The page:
Statistical analysis
 
The data were analysed using a one-way ANOVA test using SPSS (version 23 for Windows) software. The Duncan’s multiple range test was used in order to identify the significance of the treatment means.
Growth and survival of H. pulchellus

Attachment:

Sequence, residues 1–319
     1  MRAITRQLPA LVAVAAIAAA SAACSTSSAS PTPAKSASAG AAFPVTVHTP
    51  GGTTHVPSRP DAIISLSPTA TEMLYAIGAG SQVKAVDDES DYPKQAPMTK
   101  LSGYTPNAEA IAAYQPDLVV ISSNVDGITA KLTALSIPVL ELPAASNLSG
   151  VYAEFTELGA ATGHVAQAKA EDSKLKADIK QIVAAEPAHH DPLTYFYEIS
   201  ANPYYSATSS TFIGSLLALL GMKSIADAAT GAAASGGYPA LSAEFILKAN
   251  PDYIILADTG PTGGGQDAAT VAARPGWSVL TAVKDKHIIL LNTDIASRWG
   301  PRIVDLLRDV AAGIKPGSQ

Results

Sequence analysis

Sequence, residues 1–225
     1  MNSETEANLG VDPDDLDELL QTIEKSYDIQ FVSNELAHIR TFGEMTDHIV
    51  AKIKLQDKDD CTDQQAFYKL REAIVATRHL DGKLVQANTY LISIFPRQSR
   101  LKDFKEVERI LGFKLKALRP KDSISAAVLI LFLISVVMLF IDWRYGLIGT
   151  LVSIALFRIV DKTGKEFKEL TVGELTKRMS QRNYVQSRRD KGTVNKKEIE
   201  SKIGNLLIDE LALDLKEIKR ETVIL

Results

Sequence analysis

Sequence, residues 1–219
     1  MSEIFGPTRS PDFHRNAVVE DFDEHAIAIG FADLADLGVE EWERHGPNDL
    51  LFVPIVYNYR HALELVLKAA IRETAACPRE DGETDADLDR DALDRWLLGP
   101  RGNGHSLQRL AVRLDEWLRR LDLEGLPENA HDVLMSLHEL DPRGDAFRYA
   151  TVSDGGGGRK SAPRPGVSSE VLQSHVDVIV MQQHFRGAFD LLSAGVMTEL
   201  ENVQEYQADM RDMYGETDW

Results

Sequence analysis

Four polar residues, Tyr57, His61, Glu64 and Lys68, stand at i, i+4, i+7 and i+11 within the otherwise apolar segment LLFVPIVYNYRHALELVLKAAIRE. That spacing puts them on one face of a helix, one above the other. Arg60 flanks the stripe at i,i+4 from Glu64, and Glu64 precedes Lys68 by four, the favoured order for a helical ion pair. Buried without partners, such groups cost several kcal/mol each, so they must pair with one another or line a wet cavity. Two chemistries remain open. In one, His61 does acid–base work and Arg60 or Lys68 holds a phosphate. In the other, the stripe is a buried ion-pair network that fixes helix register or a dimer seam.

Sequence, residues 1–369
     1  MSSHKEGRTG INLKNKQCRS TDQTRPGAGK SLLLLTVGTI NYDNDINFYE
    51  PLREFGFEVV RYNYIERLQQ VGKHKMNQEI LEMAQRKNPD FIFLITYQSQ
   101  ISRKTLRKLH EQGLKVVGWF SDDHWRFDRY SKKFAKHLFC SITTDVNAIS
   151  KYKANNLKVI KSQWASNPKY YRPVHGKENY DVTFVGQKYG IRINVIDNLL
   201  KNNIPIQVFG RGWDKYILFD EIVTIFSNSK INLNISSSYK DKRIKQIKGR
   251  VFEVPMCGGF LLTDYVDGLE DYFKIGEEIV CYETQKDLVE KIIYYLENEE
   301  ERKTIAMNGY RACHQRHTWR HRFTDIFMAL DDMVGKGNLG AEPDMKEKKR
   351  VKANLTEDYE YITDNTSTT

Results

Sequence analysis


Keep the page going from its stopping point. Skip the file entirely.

The results indicated that H. pulchellus had better growth performance in biofloc systems with higher CN ratios (Table 1). Significant variations were found among the treatments in weight gain and SGR (P< 0.05). The highest weight gain (0.48±0.01g) and weight gain percentage (3931.15±120.68%) were found in the CN10 group (P< 0.05), followed by CN15 (0.42±0.02g; 3441.8±125.88%) and CN20 (0.41±0.01g; 3322.13±113.1%), whereas the control group had the lowest values (0.33±0.02g; 2667.76 ±169.66%). Furthermore, the CN10 treatment had the highest specific growth rate (4.11±0.03% per day) (P<0.05). However, all treatments had higher survival rates ranging from 92% to 94.67%, without any significant variations between the groups (P>0.05). Bioflocs are natural food sources that are continuously available and can provide additional nutrients to fish and shrimp(Avnimelech, 1999; Emerenciano et al., 2012; Mohammady et al., 2023). BFT not only improves feed efficiency and offers high-quality protein sources but also contains abundant growth promoters and bioactive compounds. Optimal C/N ratios have been found to substantially enhance the growth performance of fish (Panigrahi et al., 2018; Wang et al., 2015). The CN treatments had better H. pulchellus growth performance than the control in our study. Specifically, the CN10 had the highest weight gain percentage and SGR than the other groups. The ratio of 10:1 C/N in the CN10 group had a positive impact on fish growth performance and can be considered balanced. Conversely, the control group had the lowest growth performance parameters, indicating that the presence of biofloc and an appropriate ratio of C/N can have a positive influence on H. pulchellus growth. Previous studies had reported that maintaining a C/N ratio of 10:1 by adding external carbohydrate sources in the BFT system enhanced growth performance in fishes like Oreochromis niloticus (Aboseif et al., 2022) and Heteropneustes fossilis (Zafar et al., 2021).In the present investigation, we found that CN treatments had higher survival rates than the control group, which suggests that microbial floc can enhance fingerling growth and survival. Further, our findings indicate that maintaining the CN ratio to 10:1 in biofloc systems can benefit H. pulchellus growth performance during early fry to fingerling rearing.